My wife just out of the blue tonight showed me a gun I never even knew she owned. She doesn’t know much about its history—it was given to her mother by her first husband sometime in the early 1950s. He was LAPD, so I’m guessing it was his back-up piece. It’s a beaut—snub-nosed S & W .38 special, external hammer, six-round, double action, impeccably maintained. But here’s the weird thing—it doesn’t have any serial number. How old is it likely to be? When did they first start stamping serial numbers? Does it have any monetary value greater than that of a comparable newly-manufactured gun? I went through S & W’s entire J-frame line and they don’t manufacture anything identical to this gun, but picture a model 442 with an external hammer and a six-round chamber and you’re somewhere in the ballpark.
It might be a Smith & Wesson Model 36 Chief’s Special, though the “no serial number” thing is kind of odd. Not being very familiar with that particular model, you might want to look for the serial number on the frame, inside of the cylinder.
IOW, open the cylinder and check the inner parts of the framing, that you can’t see when the cylinder is normally closed.
Does it look anything at all like this?
ETA: If you do happen to find the S/N, the Smith & Wesson website should be able to help you date it properly.
Model 36 has always been 5 shot. My guess, based on age and description, is that it is a short-barreled Model 10. S&W produced many thousands of Model 10 revolvers in lots of different variations. It was a very widely issued police revolver back when revolvers were the order of the day.
S&W did not stamp all their handguns with serial numbers before 1957, so the gun may be older than that or you may not be looking in the right place. It could be on the butt if an older gun. If post-1957 it will be on the frame behind the crane i.e. open the cylinder and swing it out to see if the serial number is under it.
:smack: Well, I did say I wasn’t particularly familiar with that model, but I are reedin reel guud sumtyms. :o
Picture please OP?
If there is no serial number, then that gun is Trouble.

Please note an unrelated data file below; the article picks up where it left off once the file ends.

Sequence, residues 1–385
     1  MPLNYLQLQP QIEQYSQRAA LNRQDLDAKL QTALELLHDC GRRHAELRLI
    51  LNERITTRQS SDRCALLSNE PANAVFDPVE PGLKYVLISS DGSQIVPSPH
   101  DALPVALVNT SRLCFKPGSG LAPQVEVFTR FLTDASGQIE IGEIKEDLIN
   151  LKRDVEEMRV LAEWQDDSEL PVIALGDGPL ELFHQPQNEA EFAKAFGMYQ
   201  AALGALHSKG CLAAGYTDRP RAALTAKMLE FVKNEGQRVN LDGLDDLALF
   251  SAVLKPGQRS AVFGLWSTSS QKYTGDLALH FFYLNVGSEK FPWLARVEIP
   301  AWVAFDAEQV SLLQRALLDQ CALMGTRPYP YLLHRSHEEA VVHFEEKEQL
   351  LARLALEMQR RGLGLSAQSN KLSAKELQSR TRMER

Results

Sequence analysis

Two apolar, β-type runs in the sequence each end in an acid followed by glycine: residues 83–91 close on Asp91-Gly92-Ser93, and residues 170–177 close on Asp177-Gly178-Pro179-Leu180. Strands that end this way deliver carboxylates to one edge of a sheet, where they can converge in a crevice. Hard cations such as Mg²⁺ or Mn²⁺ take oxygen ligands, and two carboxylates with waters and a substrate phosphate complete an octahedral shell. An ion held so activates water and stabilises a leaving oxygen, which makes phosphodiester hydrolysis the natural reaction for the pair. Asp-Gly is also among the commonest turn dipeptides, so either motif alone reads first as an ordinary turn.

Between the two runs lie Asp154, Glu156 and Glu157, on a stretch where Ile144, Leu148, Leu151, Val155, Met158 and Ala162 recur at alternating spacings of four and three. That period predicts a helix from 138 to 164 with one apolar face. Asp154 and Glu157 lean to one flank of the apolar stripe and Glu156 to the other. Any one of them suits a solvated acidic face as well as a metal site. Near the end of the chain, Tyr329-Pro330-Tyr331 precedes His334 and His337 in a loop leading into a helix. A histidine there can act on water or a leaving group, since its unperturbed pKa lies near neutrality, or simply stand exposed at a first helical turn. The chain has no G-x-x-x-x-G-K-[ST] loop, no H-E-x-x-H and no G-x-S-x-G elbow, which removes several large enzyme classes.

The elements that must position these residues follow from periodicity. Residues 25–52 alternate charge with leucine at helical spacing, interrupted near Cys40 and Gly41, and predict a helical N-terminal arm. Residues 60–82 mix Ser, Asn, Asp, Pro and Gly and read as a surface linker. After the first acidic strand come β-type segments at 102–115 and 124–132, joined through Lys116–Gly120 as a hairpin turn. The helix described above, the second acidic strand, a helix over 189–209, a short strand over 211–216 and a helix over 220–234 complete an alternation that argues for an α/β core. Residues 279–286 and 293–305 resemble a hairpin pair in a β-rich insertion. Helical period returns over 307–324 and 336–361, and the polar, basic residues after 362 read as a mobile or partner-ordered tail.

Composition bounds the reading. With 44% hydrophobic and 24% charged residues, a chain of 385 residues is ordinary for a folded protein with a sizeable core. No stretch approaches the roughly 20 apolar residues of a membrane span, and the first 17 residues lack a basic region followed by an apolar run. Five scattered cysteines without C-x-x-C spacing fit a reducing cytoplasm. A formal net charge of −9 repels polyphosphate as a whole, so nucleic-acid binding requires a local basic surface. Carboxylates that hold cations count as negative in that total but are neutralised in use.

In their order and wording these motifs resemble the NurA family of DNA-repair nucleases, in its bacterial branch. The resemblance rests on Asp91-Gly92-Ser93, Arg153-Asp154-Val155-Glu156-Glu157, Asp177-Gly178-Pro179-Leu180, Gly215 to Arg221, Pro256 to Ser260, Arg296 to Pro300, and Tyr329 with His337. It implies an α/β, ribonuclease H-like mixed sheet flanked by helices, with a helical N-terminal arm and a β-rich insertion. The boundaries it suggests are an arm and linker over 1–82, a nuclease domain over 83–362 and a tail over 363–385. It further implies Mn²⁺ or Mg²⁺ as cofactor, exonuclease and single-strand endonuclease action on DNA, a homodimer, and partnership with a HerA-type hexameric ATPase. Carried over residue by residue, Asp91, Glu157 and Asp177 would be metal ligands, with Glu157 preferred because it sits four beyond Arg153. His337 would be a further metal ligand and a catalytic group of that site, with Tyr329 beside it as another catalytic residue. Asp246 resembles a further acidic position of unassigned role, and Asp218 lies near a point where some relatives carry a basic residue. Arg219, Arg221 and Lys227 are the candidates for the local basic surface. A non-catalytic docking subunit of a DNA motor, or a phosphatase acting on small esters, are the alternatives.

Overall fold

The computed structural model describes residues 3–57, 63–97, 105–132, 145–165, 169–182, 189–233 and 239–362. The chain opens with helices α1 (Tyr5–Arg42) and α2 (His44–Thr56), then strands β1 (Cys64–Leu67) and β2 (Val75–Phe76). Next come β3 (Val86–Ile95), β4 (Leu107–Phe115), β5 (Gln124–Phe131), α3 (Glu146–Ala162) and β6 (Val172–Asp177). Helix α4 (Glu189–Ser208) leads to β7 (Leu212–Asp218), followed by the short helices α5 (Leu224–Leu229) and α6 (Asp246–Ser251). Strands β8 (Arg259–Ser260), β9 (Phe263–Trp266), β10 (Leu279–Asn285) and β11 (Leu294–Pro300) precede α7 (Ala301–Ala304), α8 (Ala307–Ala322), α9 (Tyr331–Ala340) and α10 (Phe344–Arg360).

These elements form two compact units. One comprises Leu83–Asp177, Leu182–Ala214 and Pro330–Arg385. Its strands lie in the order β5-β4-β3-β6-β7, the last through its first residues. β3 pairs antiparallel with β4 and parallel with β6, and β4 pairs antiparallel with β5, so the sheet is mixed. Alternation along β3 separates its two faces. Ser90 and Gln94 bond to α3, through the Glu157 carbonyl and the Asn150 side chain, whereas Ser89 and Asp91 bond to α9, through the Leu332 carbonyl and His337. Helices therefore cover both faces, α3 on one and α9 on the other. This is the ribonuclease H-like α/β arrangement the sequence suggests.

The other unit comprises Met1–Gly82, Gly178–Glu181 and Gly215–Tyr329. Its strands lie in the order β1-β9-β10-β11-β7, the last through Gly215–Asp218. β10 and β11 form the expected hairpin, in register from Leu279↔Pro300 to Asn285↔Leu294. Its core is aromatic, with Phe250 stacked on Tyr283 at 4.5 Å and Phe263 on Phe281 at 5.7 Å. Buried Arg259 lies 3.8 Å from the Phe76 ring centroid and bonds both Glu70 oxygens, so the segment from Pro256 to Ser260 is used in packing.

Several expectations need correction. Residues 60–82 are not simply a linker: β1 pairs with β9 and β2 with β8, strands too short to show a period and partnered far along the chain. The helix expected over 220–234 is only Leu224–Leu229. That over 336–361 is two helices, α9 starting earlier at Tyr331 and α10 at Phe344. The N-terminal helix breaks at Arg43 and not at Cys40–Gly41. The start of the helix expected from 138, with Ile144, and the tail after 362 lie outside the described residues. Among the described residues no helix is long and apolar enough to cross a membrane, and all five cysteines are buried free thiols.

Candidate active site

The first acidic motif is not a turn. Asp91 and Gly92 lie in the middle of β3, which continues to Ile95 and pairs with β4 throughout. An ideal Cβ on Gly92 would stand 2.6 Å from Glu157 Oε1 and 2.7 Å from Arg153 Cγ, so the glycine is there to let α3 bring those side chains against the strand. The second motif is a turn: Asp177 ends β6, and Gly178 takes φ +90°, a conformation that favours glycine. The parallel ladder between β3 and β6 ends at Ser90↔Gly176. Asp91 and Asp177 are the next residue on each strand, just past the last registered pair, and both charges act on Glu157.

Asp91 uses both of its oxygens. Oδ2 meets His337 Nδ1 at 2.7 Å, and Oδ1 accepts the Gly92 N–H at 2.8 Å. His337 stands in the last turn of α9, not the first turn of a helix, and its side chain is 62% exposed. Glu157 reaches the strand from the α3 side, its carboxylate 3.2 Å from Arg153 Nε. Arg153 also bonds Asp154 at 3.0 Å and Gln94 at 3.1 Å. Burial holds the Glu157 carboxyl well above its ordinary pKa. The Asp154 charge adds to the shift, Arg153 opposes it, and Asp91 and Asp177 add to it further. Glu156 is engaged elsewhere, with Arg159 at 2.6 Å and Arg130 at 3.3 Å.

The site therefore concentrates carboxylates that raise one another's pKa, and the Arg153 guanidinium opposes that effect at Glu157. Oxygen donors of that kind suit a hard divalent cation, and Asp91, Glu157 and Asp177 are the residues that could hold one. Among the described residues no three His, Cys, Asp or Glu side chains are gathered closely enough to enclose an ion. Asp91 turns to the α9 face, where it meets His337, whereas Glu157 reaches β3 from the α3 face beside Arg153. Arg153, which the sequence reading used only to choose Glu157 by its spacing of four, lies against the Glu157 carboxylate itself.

Ask a Lawyer.
No, I’m not wrong.
A Lawyer is prudent.
You don’t know who that gun belonged to, you don’t know what it was used to do.
Get a Lawyer, and get rid of it.
Helluva way to begin a noir novel.
That’s it exactly. And it’s five rounds, not six. I was extremely fatigued and sleep-deprived when she showed it to me and just wasn’t paying sufficient attention. Still can’t find the SN, but the grips have been changed. Or what I should say is that I’m assuming they’ve been changed, because they’re hard rubber grips, and I don’t think those existed back then. But I could be wrong—I’ve forgotten a lot of what I used to know about firearms. I’m going to remove them and see if it is stamped on the butt.
I haven’t had one of those post-a-pic accounts in years (obviously, since I can’t even remember what they’re really called). I’d have to set one up. What’s currently the best site for that?
Yep—stamped on the butt, plain as day—J675402.
Two words: Bull. And Shit.
You know nothing of which you speak.
For centuries guns were manufactured without serial numbers. For much of the 20th Century guns were manufactured in the US by mainstream manufacturers without serial numbers.
What a gun may have been used for in the past is utterly immaterial to owning it now. And the presence or absence of a serial number does nothing to change that.
Yes, you are wrong. Very much so.
Thanks for that tip. Smith & Wesson charges $50.00 for authentication services and they say the current wait time is three or four months. But I think I’ll eventually do it. In my opinion it’s worth it, despite the fact that it’s very unlikely that we would ever sell it. I really want it, and have been dropping unsubtle hints to her about the jade and ivory lamp that’s been in family for 70 years, which I gave to her on our tenth anniversary. She also doesn’t want to part with it because she considers it a family heirloom, although she herself has virtually no personal interest in firearms.
A little googling seems to indicate that that serial number would date the pistol to 1979-80.
Nice gun. I have an identicle one that I carry a lot. Those rubber grips are somewhat newer than your gun. Grips like that didn’t come along til the late 70s or so. Those look like Pachmayrs to me. That grip is still in production.
The gun has a pinned barrel which would mean 1982 is the latest possible production date.
I’m gonna say family lore on the gun is wrong. It’s a late 70’s gun wearing grips that became available in the late 70’ s. At that time, such a gun would have been the hot setup for a patrolman’s backup gun or a plainclothes officer’s primary.
I found this on a gun message board (yeah I know, great cite…)
Anyway, it agrees with what silenus posted - 1979-1980.
Yes, they’re Pachmayrs. The manufacturer’s embossment was impossible for me to read until I viewed it in direct sunlight, and even then it was very difficult to make out. Above the line that says ‘manufactured by Pachmyer USA’, is a line which appears to read ‘Presentation/Compro.’ My wife is certain that she has the original grips, but she doesn’t know where they are. She’s looking for them right now. If she finds them it might shed some light on the exact age of the piece. It’s very possible that my MIL gave my wife misinformation, or was confusing this gun with another one of similar appearance. Nobody in my wife’s family is a firearms enthusiast, so it would be very easy for them to not be able to differentiate between the two, if indeed another gun exists which we haven’t found yet or is no longer in the family’s possession.